Least Squares Method Formula: X i = ∑ j w ij r ij Y j X i = ∑ j w ij r ij Y j where X i and Y j = relativities for rating variables i and j X i and Y j = relativities for rating variables i and j w ij = weights w ij = weights r ij = observed relativity r ij = observed relativity ∑ j w ij ( Y j ) 2

Bailey’s Minimum Bias Minimize bias along the dimensions of the class system Minimize bias along the dimensions of the class system “Balance Principle” : “Balance Principle” : ∑ observed relativity = ∑ indicated relativity i.e., ∑ j w ij r ij = ∑ j w ij x i y j i.e., ∑ j w ij r ij = ∑ j w ij x i y jwhere X i and Y j = relativities for rating variables i and j X i and Y j = relativities for rating variables i and j w ij = weights w ij = weights r ij = observed relativity r ij = observed relativity

Bailey’s Minimum Bias Formula: X i = ∑ j w ij r ij X i = ∑ j w ij r ij where X i and Y j = relativities for rating variables i and j X i and Y j = relativities for rating variables i and j w ij = weights w ij = weights r ij = observed relativity r ij = observed relativity ∑ j w ij Y j ∑ j w ij Y j

Bailey’s Minimum Bias Less sensitive to the experience of individual cells than Least Squares Method Less sensitive to the experience of individual cells than Least Squares Method Widely used; e.g.., ISO GL loss cost reviews Widely used; e.g.., ISO GL loss cost reviews

A Simple Bailey’s Example- Manufacturers & Contractors Type of Policy Aggregate Loss Costs at Current Level (ALCCL) Experience Ratio (ER) Class Group Light Manuf Medium Manuf Heavy Manuf Light Manuf Medium Manuf Heavy Manuf Mono- line 200025010001.10.80.75 Multiline400015006000.701.502.60 SW = 1.61

Bailey’s Example Experience Ratio Relativities Class Group Statewide Type of Policy Light Manuf Light Manuf Medium Manuf Heavy Manuf Monoline.683.497.466.602 Multiline.435.9321.6151.118

Bailey’s Example Start with an initial guess for relativities for one variable Start with an initial guess for relativities for one variable e.g.., TOP: Mono =.602; Multi = 1.118 e.g.., TOP: Mono =.602; Multi = 1.118 Use TOP relativities and Baileys Minimum Bias formulas to determine the Class Group relativities Use TOP relativities and Baileys Minimum Bias formulas to determine the Class Group relativities

Bailey’s Example CG j = ∑ i w ij r ij ∑ i w ij TOP i ∑ i w ij TOP i Class Group Bailey’s Output Light Manuf.547 Medium Manuf.833 Heavy Manuf 1.389

Bailey’s Example What if we continued iterating? What if we continued iterating? Step 1 Step 2 Step 3 Step 4 Step 5 Light Manuf.547.547.534.534.533 Medium Manuf.833.833.837.837.837 Heavy Manuf 1.3891.3891.3971.3971.397 Monoline.602.727.727.731.731 Multiline1.1181.0901.0901.0901.090 Italic factors = newly calculated; continue until factors stop changing

Bailey’s Example Apply Credibility Apply Credibility Balance to no overall change Balance to no overall change Apply to current relativities to get new relativities Apply to current relativities to get new relativities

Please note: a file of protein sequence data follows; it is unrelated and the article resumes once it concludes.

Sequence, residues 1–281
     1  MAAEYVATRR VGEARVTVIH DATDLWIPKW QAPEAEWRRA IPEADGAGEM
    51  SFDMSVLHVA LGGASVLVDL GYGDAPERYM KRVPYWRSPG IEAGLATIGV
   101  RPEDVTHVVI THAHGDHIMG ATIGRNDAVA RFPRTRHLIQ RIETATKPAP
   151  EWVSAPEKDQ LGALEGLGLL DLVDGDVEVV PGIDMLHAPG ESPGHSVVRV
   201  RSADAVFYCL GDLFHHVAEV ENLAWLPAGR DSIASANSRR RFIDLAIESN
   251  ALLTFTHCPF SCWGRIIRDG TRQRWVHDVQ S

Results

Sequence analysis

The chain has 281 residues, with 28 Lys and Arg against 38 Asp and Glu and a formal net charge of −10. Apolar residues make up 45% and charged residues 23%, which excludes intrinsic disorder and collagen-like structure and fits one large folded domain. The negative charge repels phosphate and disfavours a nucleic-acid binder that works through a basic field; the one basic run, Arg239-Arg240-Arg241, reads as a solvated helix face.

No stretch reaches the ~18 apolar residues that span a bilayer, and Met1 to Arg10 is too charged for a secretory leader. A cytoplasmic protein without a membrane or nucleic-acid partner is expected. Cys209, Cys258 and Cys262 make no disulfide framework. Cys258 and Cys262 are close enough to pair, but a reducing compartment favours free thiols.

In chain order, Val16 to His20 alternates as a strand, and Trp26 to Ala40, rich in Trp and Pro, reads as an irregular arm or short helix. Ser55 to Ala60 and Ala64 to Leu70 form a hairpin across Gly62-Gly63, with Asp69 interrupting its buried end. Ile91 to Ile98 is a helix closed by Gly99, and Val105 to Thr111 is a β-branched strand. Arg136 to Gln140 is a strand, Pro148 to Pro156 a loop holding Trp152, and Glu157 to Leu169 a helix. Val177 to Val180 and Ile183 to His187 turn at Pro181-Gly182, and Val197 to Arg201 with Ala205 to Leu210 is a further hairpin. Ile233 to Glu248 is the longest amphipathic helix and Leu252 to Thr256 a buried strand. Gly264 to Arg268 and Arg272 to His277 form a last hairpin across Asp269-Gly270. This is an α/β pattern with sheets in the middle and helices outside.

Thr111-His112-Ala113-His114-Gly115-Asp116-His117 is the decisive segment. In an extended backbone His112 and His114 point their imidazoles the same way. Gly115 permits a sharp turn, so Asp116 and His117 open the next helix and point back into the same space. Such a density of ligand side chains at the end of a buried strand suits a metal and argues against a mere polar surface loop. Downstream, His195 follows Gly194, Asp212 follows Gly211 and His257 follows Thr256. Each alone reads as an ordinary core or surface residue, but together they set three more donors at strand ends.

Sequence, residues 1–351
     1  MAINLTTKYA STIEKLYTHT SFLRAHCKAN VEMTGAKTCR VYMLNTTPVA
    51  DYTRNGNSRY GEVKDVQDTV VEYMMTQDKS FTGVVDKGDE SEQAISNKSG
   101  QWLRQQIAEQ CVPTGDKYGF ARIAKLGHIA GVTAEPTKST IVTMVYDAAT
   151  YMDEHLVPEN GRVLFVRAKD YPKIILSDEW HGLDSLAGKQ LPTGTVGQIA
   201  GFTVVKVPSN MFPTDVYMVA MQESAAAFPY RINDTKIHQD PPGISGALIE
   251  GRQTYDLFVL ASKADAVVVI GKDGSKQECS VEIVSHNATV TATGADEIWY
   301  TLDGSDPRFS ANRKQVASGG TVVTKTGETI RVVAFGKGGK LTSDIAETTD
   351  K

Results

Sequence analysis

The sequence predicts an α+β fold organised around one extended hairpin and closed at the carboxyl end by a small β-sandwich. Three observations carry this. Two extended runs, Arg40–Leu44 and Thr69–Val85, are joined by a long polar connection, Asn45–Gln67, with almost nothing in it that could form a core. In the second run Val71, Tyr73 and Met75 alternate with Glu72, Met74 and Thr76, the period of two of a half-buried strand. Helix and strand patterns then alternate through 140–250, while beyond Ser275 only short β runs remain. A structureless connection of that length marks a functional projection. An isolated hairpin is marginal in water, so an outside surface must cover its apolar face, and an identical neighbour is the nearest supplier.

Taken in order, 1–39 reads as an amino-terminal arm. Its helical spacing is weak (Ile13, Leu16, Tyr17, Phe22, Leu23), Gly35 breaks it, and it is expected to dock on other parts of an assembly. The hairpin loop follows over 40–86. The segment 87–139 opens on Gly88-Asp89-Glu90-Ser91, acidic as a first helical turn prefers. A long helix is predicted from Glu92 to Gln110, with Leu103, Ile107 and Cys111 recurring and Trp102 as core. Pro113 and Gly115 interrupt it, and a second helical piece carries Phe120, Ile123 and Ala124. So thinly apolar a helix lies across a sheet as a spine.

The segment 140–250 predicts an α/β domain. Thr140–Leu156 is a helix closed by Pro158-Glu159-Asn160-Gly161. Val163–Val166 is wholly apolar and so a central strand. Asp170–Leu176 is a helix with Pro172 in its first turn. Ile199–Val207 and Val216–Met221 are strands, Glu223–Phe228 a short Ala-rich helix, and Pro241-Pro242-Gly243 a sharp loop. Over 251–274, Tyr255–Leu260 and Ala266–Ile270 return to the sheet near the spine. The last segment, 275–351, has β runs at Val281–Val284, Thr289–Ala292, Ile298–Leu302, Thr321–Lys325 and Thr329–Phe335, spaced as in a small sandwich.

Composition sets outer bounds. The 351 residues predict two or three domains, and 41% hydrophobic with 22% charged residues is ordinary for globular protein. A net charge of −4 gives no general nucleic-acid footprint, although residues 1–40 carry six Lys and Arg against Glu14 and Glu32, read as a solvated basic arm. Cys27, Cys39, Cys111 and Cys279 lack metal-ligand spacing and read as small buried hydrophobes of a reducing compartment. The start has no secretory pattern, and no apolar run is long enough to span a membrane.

Bailey’s Can use multiplicative or additive Can use multiplicative or additive –All formulas shown were Multiplicative Can be used for many dimensions Can be used for many dimensions –Convergence may be difficult Easily coded in spreadsheets Easily coded in spreadsheets

Generalized Linear Models Generalized Linear Models (GLM) provide a generalized framework for fitting multivariate linear models Generalized Linear Models (GLM) provide a generalized framework for fitting multivariate linear models Statistical models which start with assumptions regarding the distribution of the data Statistical models which start with assumptions regarding the distribution of the data –Assumptions are explicit and testable –Model provides statistical framework to allow actuary to assess results

Generalized Linear Models Can be done in SAS or other statistical software packages Can be done in SAS or other statistical software packages Can run many variables Can run many variables Many Minimum bias models, are specific cases of GLM Many Minimum bias models, are specific cases of GLM –e.g., Baileys Minimum Bias can also be derived using the Poisson distribution and maximum likelihood estimation

Generalized Linear Models ISO Applications: ISO Applications: –Businessowners, Commercial Property (Variables include Construction, Protection, Occupancy, Amount of insurance) –GL, Homeowners, Personal Auto

Suggested Readings ASB Standards of Practice No. 9 and 12 ASB Standards of Practice No. 9 and 12 Foundations of Casualty Actuarial Science, Chapters 2 & 5 Foundations of Casualty Actuarial Science, Chapters 2 & 5 Insurance Rates with Minimum Bias, Bailey (1963) Insurance Rates with Minimum Bias, Bailey (1963) A Systematic Relationship Between Minimum Bias and Generalized Linear Models, Mildenhall (1999) A Systematic Relationship Between Minimum Bias and Generalized Linear Models, Mildenhall (1999)

Suggested Readings Something Old, Something New in Classification Ratemaking with a Novel Use of GLMs for Credit Insurance, Holler, et al (1999) Something Old, Something New in Classification Ratemaking with a Novel Use of GLMs for Credit Insurance, Holler, et al (1999) The Minimum Bias Procedure – A Practitioners Guide, Feldblum et al (2002) The Minimum Bias Procedure – A Practitioners Guide, Feldblum et al (2002) A Practitioners Guide to Generalized Linear Models, Anderson, et al A Practitioners Guide to Generalized Linear Models, Anderson, et al